“Write what you know!”
If you’re just starting out as a writer and ask for advice you will, without a doubt, hear this 10,000 times. It’s fair response as the easiest thing to draw upon for inspiration is life experience or personal expertise.
My series is about questionable characters doing shady shit under the umbrella of big city crime. I’ve been around plenty of shady people in my life. I may have even been described as one, depending on who you asked. But what did I know about the criminal underworld in the big, bright city? Just because you haven’t done something personally doesn’t necessarily mean you know nothing about it.
I drew on three main areas of inspiration for the Harbor Point Crime Series: Character, Location and my passion for crime films and books.
The influence of early film noir was covered in my last post but that’s where I leaned into the whole, “write what you know,” mantra. I spent enough time with detectives, bank robbers, crooked insurance salesman and gun molls that I was sure I could craft a modern day crime world based on all those hours spent in the theatre and in front of the television.
Character was just as easy. I knew I wanted him to be a boxer, either active or retired. Why? I’m from a boxing family. My grandfather was a professional fighter in the 1940’s. He climbed through the ropes as a pro 59 times, fighting at Madison Sqaure Garden more than ten and even fought at Ebbets Field in 1946.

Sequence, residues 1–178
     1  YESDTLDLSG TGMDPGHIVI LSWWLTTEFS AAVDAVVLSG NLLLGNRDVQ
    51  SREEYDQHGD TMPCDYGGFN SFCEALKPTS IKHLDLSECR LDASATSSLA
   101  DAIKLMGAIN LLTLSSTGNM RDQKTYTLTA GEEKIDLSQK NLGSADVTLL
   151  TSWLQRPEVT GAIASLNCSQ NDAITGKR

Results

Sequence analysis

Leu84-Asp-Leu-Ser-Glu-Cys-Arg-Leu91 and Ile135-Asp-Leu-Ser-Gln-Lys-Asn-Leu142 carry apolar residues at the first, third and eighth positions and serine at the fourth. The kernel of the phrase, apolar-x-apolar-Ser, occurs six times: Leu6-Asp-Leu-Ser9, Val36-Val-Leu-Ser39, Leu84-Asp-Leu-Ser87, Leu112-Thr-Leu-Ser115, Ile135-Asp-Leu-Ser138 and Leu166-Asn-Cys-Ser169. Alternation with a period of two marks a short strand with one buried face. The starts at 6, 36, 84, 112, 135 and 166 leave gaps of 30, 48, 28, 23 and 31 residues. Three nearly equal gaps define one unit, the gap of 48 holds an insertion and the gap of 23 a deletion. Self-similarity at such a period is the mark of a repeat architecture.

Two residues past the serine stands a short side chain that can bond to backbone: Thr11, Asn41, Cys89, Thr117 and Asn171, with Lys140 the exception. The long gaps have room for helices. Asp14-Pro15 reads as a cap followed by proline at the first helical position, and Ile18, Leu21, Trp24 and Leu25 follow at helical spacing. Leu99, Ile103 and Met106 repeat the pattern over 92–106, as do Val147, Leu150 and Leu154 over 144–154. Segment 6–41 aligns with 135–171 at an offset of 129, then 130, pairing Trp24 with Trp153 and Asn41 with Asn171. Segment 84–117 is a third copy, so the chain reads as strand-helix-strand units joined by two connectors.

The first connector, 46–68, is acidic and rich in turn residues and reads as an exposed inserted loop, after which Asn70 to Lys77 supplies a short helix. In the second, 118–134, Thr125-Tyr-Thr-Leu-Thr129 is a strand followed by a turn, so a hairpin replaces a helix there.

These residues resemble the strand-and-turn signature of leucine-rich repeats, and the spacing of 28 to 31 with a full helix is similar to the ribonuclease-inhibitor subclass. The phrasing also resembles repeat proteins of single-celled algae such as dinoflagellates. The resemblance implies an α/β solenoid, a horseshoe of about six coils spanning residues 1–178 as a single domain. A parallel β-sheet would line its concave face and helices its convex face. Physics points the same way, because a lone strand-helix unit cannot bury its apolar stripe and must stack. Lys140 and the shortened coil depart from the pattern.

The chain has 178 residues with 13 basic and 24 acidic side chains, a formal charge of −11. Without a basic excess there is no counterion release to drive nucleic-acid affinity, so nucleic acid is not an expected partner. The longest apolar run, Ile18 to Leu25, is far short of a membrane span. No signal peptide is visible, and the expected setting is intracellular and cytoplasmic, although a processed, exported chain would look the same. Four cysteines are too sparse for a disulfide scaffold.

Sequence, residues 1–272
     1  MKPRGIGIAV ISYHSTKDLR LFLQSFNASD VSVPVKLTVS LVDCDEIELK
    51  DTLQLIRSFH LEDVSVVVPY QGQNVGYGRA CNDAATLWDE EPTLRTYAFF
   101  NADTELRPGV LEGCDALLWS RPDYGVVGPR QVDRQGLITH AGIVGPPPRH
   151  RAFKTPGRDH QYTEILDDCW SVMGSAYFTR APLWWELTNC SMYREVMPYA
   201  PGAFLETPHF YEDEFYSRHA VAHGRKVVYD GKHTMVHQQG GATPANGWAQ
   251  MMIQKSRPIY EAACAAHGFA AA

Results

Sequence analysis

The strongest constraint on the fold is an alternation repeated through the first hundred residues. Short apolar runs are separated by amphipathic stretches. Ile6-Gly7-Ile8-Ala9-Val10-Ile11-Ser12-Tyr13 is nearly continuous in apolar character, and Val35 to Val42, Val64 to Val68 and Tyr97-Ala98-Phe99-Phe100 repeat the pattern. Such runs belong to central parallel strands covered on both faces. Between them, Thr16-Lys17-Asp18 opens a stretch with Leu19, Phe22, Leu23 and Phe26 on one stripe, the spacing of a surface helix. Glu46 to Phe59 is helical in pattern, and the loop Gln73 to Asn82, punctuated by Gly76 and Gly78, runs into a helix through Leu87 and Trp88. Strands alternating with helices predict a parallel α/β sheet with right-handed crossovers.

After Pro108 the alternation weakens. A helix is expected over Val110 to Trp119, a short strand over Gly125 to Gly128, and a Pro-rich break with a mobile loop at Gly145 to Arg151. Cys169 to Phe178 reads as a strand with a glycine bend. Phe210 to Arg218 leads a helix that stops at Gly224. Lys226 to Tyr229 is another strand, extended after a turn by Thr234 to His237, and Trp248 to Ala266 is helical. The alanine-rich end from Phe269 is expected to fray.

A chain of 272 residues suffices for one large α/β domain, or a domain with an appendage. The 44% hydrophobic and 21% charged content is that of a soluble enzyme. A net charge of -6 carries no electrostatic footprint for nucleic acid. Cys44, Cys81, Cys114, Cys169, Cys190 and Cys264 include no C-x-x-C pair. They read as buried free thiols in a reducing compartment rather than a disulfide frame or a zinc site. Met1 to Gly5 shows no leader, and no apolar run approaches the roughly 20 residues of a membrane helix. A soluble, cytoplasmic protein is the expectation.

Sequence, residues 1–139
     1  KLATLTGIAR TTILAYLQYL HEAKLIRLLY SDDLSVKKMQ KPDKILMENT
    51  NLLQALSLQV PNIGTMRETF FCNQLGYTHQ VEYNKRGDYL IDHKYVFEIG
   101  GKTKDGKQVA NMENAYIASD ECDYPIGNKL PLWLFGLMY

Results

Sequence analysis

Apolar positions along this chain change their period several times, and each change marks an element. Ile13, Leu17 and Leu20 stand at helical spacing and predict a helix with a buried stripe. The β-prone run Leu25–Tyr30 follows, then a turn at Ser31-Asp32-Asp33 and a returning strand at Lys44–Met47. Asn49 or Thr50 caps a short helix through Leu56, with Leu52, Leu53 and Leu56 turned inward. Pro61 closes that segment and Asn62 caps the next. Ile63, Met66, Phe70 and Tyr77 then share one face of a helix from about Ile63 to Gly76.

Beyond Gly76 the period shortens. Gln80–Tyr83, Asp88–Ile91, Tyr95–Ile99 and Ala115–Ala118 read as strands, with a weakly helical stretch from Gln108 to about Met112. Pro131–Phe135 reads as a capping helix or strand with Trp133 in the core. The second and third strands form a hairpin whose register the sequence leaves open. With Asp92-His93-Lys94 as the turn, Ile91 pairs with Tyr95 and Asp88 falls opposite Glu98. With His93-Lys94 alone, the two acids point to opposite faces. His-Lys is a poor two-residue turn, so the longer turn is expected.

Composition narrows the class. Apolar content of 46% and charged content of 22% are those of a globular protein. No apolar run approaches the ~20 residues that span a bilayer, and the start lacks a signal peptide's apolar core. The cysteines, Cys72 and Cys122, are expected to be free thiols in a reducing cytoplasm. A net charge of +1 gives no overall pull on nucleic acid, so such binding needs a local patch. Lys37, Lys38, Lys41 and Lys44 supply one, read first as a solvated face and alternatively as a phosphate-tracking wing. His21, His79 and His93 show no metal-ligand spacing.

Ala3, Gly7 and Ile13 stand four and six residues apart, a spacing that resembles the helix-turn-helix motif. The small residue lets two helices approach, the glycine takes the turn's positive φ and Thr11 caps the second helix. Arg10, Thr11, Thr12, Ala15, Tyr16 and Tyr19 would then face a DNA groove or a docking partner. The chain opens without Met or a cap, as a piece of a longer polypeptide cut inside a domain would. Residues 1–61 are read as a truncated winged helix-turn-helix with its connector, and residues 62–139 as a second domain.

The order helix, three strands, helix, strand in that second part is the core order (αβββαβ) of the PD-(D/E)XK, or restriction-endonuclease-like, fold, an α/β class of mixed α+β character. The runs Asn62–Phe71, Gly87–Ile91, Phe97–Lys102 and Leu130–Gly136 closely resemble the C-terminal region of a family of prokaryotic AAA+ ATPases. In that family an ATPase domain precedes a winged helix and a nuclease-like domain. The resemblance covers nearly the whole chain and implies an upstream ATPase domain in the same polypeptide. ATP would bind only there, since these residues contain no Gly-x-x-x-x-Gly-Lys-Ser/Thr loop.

I consumed so much of the sweet science growing up that even today I would call boxing my favorite sport. There is something poetic in the dance that two fighters, alone in the ring, craft while trying to kill each other. My younger brother would go on to compete in the Golden Gloves tournament. It was an easy call to make Ellis Boone good with his hands.
Finally, location. I spent enough time in Atlantic City playing in weekend poker tournaments to get a feel for the place. I wasn’t a very good player but that’s not really important except when it concerned my bank account. Smoke filled casinos, prostitutes, degenerate gamblers and neighborhoods off the boardwalk that you wouldn’t want to find yourself in when the sun dipped below the horizon. It was all there.
If ever there was a city to inspire what Harbor Point could be, it was Atlantic City.
Have I ever worked for the Ukrainian mob? Pulled a job with a woman I knew was bad for me? Had a run-in with a badass gang leader? No, but pulling in all those things that have swirled around the orbit of my life helped craft those situations. I feel like I know my world pretty well.
And if you ever find yourself alone, far from the bright lights of the Harbor Point boardwalk. Be careful. The streets are rough after dark.